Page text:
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4 ways for entrepreneurs to delegate tasks and focus better

(ENTREPRENEUR) There comes a time in every business where you need to think about letting someone else handle the small things so you can focus on what really matters – time to delegate!

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Doing what you love and loving what you do is a recipe for a happy and successful life, but that doesn’t mean you won’t still be overwhelmed at times. If you’re doing what you love you’re still going to have days that leave you feeling overworked and overstressed. It’s time to delegate!

One of the best ways you can combat these feelings may sound difficult at first, but in the long run, your body and mind will thank you.

1. Clean your plate

What is this magic stress reliever? Relinquishing a tiny bit of control and delegating some of your tasks to someone else. Tim Ferris, author of The Four Hour Workweek said, “It is almost impossible to find anyone who has made millions of dollars who doesn’t delegate at least a handful of time-consuming things.”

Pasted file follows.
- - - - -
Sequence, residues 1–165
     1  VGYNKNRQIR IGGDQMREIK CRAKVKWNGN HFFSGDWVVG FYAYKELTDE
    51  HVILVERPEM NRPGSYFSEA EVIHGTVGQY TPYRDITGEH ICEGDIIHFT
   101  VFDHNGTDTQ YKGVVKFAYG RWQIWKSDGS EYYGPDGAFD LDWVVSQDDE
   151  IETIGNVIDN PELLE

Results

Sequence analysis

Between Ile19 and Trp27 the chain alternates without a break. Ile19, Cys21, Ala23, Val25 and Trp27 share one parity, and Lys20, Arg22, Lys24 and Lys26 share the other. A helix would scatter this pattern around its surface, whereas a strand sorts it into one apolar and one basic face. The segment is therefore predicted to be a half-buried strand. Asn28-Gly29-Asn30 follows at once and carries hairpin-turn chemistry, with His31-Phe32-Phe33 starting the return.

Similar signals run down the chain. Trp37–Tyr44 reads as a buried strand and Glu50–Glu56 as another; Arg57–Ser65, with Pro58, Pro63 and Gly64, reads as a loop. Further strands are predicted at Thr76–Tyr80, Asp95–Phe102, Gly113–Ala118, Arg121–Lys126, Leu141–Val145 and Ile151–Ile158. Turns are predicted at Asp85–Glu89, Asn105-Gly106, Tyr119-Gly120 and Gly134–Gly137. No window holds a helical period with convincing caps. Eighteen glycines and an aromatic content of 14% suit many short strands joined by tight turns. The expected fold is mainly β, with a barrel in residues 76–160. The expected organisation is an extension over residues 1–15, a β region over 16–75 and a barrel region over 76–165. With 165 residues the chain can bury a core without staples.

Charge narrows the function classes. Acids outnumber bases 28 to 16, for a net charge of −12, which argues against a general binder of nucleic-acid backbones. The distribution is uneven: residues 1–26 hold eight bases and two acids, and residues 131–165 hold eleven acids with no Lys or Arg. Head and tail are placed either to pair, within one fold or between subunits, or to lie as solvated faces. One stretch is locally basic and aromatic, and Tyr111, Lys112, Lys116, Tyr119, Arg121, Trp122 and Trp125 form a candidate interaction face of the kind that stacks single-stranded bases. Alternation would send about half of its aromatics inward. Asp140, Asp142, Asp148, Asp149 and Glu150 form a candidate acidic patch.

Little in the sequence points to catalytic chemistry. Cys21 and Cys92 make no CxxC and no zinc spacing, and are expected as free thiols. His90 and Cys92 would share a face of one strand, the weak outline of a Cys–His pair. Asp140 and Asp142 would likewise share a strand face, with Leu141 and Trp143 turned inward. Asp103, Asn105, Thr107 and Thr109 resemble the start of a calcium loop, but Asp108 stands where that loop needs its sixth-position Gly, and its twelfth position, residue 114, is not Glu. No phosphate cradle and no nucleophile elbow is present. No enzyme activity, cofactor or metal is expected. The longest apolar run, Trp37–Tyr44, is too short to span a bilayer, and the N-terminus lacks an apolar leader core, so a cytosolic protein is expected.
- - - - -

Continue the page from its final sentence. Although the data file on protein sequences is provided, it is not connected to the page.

Don’t work harder, work smarter. Chances are you’ve heard that phrase at least once before, okay, more than once. One of the best ways you can do this is to delegate less important tasks to someone else.

2. Outsource routine tasks

These tasks can range from something as simple as having someone organize your email, to something as complex as hiring someone else to manage all of your social media efforts so you are no longer duty-bound to check them every few moments.

Outsourcing relieves some of the stress in your daily routine and frees up more of your time you can spend doing what you love. If you still have doubt, by outsourcing even a few of your tasks, you’re also giving an up-and-comer a chance to see what you do and get their foot in the door. Not only are you helping yourself, but you’re also helping the next generation of entrepreneurs.